Competition is good. It forces you to get better, to stay innovative, and potentially change your approach in order to snag the market share you believe you deserve. In the world of drones, competition for the market leader DJI seems to be nonexistent.

Remember 3D Robotics? It has exited the consumer drone space. Lily Robotics, which had the most exciting Kickstarter project in years? It’s been killed and resurrected with nearly none of the original autonomous features present. Even GoPro’s Karma program, an initiative that was dubbed a savior for the already turbulent company, is dead.

Parrot, a company mostly known for drones tailored to kids or beginner pilots, on the other hand, is still around. The new $699.99 Anafi is the company’s direct answer to DJI’s recent Mavic Air, and is a compact, capable drone that promises to capture stunning aerial footage in 4K. It also introduces a few features you can’t find on other drones today.

But is it enough to knock DJI out of the sky?

5.5

Verge Score

Good Stuff

  • Unique lens and camera features not found elsewhere
  • Adequate battery life
  • Solid connectivity

Bad Stuff

  • Poor design
  • Difficult to fly
  • Autonomous features require extra purchase, don’t work well

I’ve been testing out Anafi for the past two weeks, and have logged around 30 flights in that span. There are a lot of things I like about it, including zoom capabilities and the ability to capture HDR footage that you won’t find in other drones. But all of those positives are overshadowed with how miserable the overall experience was.

My initial experience with the Anafi was marred by a variety of problems, mostly around buggy software, poor connectivity, and even corrupted files. Parrot was able to send out another device, and my experience did improve with it. But even with a unit that was working as Parrot designed it to, the Anafi lacks the refinement and finesse you get with DJI’s Mavic Air. It’s not as portable as you’d want it to be and overall ease of use isn’t quite there.

The most important feature of any drone designed for videographers is the image quality. This is where Anafi shines. Its 4K 100 Mbps bitrate footage looks great and is just as good as the footage from the Mavic Air. I even prefer its flat image profile better than what I get on the DJI for color correction while post processing.

Unlike the Mavic Air, however, Anafi has a built-in HDR video option. Ability to shoot HDR is one of the standout features that you can’t find on any other drone in this price range. HDR promises to provide a better image by balancing the exposure between bright and dark areas better, something that is a challenge when shooting a skyline or horizon with a drone.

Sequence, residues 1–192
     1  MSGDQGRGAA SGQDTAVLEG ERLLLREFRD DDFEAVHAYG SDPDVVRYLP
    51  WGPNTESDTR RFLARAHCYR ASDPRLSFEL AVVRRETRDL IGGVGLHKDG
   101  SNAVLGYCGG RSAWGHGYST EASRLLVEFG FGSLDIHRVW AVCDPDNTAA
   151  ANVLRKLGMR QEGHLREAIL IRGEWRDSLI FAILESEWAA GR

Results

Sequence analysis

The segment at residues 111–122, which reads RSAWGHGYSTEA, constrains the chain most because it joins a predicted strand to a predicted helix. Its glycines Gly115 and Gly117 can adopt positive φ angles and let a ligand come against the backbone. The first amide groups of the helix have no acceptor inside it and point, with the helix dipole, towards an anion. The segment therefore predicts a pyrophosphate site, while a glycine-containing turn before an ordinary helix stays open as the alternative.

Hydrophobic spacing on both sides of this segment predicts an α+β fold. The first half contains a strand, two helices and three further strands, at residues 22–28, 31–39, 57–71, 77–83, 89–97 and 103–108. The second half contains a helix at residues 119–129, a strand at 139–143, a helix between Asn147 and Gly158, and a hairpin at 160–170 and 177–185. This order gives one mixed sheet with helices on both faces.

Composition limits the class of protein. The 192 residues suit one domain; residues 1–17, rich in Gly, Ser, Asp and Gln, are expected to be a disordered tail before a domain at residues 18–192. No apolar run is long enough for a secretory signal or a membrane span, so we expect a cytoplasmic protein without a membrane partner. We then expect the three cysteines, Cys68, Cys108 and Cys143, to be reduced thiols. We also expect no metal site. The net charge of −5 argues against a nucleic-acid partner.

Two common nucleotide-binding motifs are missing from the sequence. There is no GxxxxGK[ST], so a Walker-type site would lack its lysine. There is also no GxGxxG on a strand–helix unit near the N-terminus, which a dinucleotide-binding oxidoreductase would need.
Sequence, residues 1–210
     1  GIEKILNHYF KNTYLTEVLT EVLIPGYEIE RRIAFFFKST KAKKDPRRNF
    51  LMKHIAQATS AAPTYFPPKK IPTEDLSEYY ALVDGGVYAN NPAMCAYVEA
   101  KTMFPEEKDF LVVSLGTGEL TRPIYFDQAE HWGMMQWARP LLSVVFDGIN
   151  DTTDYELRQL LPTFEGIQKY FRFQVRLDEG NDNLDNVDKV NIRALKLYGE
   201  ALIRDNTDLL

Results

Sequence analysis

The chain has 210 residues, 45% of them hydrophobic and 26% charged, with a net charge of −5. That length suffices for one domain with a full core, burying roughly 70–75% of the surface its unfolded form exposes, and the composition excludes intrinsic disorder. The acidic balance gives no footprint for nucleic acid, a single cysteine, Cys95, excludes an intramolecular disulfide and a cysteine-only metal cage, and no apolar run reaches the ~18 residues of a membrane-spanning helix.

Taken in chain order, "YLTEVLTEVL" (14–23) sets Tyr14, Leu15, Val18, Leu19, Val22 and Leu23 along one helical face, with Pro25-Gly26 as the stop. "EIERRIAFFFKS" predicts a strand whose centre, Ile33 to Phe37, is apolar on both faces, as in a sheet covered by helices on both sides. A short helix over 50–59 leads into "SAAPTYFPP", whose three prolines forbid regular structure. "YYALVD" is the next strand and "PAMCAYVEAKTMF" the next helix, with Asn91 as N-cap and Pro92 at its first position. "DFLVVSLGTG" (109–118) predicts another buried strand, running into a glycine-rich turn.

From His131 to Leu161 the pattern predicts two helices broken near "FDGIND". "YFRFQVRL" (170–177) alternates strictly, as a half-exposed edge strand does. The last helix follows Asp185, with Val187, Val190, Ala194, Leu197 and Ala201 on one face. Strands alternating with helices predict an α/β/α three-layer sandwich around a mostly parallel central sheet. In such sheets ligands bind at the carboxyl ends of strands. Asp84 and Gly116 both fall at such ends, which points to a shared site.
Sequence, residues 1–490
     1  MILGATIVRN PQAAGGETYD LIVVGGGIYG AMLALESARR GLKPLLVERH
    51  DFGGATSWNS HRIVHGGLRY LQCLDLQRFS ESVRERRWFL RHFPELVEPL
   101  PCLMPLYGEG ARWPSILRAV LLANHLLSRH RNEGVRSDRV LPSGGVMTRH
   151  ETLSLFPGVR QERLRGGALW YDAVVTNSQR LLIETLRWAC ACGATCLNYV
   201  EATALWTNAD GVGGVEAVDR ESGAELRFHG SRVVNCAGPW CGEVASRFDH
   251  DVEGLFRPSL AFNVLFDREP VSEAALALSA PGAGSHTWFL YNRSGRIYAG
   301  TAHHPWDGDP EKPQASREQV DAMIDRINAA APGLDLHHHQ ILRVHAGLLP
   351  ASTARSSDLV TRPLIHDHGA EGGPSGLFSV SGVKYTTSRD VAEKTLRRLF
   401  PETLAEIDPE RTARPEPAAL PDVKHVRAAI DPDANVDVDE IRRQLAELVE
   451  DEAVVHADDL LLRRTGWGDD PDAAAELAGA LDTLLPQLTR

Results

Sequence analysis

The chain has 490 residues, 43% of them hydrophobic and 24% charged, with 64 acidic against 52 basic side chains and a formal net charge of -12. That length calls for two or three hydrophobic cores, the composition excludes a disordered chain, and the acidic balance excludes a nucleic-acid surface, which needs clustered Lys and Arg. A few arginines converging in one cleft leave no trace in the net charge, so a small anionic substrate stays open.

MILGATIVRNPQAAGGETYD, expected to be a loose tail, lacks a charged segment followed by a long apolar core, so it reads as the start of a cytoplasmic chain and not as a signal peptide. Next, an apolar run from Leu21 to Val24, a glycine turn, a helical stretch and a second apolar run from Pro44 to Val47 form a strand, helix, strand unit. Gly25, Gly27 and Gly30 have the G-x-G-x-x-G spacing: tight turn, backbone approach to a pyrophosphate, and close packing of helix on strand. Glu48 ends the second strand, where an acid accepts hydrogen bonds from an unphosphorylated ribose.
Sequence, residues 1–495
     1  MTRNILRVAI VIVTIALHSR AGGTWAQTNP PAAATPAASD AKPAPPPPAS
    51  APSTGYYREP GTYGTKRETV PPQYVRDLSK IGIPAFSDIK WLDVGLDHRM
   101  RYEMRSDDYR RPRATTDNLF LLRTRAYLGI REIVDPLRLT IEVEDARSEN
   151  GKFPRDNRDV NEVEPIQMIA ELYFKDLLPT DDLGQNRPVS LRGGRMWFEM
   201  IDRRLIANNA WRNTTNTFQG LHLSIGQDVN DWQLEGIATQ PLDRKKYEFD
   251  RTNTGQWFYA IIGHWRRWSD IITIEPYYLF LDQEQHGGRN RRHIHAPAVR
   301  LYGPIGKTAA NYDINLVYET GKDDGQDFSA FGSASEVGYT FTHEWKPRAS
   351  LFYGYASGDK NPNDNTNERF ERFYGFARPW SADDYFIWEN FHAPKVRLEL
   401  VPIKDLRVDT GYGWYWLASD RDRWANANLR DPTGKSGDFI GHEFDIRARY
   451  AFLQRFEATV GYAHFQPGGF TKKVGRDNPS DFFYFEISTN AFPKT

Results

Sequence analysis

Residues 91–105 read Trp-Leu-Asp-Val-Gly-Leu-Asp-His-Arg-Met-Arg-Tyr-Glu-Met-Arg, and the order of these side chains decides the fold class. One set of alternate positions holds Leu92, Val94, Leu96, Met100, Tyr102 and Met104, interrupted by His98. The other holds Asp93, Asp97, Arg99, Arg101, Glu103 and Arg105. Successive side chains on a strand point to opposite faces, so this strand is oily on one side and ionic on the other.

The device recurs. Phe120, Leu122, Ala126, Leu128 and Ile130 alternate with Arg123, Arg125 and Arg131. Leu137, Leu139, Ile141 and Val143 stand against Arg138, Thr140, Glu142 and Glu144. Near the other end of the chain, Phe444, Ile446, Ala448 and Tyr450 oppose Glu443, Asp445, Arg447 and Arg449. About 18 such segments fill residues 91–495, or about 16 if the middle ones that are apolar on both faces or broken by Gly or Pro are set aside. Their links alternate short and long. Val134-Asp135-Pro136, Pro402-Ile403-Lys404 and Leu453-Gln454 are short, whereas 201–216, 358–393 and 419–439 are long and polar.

Sadly, the Anafi struggles with the execution on its flagship HDR feature. When flying, it’s not entirely clear when the HDR option is available or even when it’s turned on, which quickly becomes a frustrating experience. The difference between non-HDR and HDR footage is very evident, as the HDR footage captures a lot more detail, especially in the sky, which usually gets blown out. But at the same time, it looks overly saturated and unnatural. Additionally, it just had too much noise and moire in areas with a lot of details like rooftops or trees.

During the time I have been testing this drone, Parrot issued many software updates which have made my experience progressively better. The improvements were most noticeable in the still image quality from the Anafi’s 21-megapixel camera. The first few photos I took had very harsh distortion as if shot with a fisheye lens. That has been fixed with the latest software updates, and photos do look great now. The high-resolution images have a lot of detail and very little chromatic aberration. It can shoot both DNG and JPEG, but for some reason, you can’t use the zoom options here. Hopefully that gets added with another software update.



The Anafi’s second standout feature is its ability to tilt the camera upwards towards the sky. It’s neat and opens up a world of possibilities for capturing unique angles, such as when flying under a bridge or some other structure. It takes some effort to find interesting ways to use this footage, but I look at it as just another tool in my creative kit that I can use when I need to.

The Anafi’s ability to zoom in without losing image quality is it’s third standout feature. While filming in 4K, you can zoom up to 1.4x and if you’re filming in 1080p it goes up to 2.8x without losing detail. Even though I can do similar things in post processing by shooting in 4K and scaling down to 1080p, I really enjoy having zoom options while flying. Similar to how GoPro footage is instantly recognizable the second you see it, drone footage is becoming very repetitive. Being able to change that, without having to buy high-end professional production drones with interchangeable lenses, is a welcoming change. We already reached a point where smartphones have multiple built-in lenses, I don’t see why we can’t have that with drones soon.